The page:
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Retinoscope

A retinoscope is a handheld device used by eyecare professionals to determine whether your eyes are “20/20,” or have difficulties in seeing things up close or far away.

By shining a light back and forth across your eye, eye doctors are able to determine (usually with great accuracy) if your vision needs corrective lenses by “dialing” the retinoscope so that the light focuses properly at the back of the eye on the retina.

This simple procedure is called a retinoscopy.

During a retinoscopy, if light focuses in front of or behind your retina, you have what is called a “refractive error” of the eye. This means you may have difficulty seeing things up close (farsightedness) or difficulty seeing things in the distance (nearsightedness). And means you likely need prescription lenses or contact lenses.

Many times, your eye doctor can determine your exact prescription by using only a retinoscope, though other equipment during an eye exam will be used to completely study your eye health, and verify any refractive errors that require you to get glasses or contact lenses.

How does a retinoscope work during retinoscopy?

Retinoscopy is a relatively quick and pain-free procedure, though your eyes may water or tear up slightly when exposed to the light within the retinoscope.

Other high-tech equipment like autorefractors are becoming more common as well, as they take retinoscopy measurements automatically in just a few seconds.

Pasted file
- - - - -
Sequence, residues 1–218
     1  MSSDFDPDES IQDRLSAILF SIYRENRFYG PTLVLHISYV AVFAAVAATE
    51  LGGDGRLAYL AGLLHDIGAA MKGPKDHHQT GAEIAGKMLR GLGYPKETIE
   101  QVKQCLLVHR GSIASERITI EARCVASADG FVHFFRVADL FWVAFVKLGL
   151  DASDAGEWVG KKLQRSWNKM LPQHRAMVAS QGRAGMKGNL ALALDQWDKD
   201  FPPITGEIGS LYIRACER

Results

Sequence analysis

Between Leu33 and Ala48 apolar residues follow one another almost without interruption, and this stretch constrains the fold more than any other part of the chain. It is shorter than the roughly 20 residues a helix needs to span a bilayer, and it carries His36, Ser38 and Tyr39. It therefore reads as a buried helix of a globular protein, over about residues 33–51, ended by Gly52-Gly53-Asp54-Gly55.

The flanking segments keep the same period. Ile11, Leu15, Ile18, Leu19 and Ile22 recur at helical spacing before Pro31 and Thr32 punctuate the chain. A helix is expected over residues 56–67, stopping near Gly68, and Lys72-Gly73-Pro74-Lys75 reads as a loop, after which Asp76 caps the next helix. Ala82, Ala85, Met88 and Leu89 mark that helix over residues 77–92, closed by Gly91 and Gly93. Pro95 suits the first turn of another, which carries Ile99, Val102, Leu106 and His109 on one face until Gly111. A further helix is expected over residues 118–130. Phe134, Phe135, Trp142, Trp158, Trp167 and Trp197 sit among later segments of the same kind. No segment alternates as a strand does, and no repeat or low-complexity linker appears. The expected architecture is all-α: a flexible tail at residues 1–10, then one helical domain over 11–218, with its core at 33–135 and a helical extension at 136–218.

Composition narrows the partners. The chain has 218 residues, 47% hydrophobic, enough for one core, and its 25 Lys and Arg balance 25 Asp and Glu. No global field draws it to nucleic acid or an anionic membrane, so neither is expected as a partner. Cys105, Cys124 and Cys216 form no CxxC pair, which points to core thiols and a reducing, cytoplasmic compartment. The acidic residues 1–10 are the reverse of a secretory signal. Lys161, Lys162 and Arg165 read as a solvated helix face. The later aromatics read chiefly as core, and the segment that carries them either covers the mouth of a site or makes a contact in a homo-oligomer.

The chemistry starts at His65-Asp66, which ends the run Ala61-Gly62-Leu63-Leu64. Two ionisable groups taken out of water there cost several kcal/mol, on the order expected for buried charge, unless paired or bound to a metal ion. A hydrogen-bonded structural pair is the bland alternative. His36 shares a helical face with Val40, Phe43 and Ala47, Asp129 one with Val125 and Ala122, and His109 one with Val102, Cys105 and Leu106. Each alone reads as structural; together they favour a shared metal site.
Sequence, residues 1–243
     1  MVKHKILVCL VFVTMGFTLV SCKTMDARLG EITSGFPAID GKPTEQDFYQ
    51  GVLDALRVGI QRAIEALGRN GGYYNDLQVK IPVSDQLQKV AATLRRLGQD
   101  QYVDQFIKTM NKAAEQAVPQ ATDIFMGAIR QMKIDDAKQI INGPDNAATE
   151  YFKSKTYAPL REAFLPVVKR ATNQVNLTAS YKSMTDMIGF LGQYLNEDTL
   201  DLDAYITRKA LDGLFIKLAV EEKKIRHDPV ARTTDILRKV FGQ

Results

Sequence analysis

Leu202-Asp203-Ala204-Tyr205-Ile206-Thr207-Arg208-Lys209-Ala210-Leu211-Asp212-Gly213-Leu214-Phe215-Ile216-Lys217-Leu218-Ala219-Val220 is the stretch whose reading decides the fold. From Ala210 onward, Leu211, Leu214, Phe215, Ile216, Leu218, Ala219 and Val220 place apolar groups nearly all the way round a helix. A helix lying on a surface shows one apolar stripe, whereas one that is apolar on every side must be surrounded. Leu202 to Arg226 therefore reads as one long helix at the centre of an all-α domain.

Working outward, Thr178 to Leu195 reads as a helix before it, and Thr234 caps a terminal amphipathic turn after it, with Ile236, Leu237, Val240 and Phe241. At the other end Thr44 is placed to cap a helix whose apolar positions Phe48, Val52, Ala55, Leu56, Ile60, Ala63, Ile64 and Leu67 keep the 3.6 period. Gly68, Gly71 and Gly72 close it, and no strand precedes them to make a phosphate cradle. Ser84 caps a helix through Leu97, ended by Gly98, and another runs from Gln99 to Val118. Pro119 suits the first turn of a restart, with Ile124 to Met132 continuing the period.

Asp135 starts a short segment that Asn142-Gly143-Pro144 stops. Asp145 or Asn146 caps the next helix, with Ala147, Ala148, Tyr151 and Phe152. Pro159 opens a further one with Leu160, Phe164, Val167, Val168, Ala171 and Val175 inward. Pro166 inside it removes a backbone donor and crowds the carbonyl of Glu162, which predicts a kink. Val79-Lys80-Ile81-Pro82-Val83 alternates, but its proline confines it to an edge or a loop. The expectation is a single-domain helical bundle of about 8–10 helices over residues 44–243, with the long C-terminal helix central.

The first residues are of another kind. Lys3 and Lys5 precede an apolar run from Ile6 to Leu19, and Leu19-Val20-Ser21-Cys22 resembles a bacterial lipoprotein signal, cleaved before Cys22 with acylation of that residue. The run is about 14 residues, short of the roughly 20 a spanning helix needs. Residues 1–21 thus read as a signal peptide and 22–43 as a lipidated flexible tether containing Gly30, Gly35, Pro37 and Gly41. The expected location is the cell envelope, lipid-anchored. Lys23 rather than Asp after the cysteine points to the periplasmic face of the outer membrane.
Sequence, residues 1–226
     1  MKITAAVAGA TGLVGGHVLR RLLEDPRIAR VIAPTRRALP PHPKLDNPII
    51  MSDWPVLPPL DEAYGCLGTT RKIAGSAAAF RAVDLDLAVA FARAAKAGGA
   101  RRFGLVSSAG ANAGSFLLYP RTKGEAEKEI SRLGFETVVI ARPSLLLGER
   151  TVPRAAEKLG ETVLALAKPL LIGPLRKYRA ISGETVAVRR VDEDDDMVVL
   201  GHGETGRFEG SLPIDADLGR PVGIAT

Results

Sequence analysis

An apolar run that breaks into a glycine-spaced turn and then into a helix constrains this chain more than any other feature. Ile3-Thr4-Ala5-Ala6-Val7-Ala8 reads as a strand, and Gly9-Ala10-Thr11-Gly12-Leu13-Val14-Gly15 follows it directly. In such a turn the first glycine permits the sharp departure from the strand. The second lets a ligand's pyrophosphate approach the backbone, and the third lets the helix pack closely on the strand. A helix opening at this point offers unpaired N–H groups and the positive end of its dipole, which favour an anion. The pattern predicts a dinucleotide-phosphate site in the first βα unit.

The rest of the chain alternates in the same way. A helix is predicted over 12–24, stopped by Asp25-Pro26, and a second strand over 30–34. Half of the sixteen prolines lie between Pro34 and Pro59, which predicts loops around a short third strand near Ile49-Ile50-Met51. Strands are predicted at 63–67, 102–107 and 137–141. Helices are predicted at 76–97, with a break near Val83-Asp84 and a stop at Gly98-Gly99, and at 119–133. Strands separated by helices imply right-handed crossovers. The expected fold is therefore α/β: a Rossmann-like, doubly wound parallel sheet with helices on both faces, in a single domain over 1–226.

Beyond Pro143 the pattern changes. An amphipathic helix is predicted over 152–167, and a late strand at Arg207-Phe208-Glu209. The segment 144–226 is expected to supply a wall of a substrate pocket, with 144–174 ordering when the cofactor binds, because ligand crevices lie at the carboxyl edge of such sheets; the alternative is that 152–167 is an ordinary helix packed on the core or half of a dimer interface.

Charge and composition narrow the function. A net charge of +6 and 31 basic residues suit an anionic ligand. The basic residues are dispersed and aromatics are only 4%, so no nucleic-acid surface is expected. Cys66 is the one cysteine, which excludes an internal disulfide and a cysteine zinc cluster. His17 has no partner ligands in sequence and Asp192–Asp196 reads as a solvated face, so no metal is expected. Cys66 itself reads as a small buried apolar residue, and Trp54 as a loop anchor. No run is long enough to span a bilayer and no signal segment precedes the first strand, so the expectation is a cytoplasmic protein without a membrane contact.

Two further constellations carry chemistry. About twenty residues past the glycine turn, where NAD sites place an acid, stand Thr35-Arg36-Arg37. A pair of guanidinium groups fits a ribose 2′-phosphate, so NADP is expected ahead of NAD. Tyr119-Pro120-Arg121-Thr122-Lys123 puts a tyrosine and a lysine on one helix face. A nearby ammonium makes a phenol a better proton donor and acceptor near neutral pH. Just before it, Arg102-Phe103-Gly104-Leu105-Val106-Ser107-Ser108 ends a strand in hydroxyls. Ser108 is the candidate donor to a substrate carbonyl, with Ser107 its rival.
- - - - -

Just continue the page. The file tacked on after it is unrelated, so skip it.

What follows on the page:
The retinoscope is a handy examination tool that can automatically detect a possible vision problem. A retinoscopy can be especially good for young children or people with special needs who might have problems accurately describing “what’s wrong” with their vision.

 

Special thanks to the EyeGlass Guide, for informational material that aided in the creation of this website. Visit the EyeGlass Guide today!

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Dear Valued Patients,

At Premier Vision Care Optometry, the health and safety of our patients and employees are our top concern.

Due to the CDC recommendation to postpone routine eye care visits, our office will only be seeing patients deemed essential and urgent as of March 18th until further notice. Please call our office at (310) 326-1200 or email us at info@premiervisioncare.net for further details regarding scheduling essential and urgent appointments.

If you are in urgent need of contact lenses during this time. Please call or email our office with your order details and we will be happy to ship lenses to you with no additional shipping costs to you.

As a reminder, if you have fallen ill, have traveled abroad, or had close contact with someone who has traveled abroad within the past 30 days and are due to be seen for an appointment, please let our office know. We will be happy to change your appointment to ensure the safety of our patients and staff.

Thank you for your cooperation and understanding during this unprecedented time.

Kent J. Nozaki, O.D.

Calista Ming, O.D., F.A.A.O., F.S.L.S.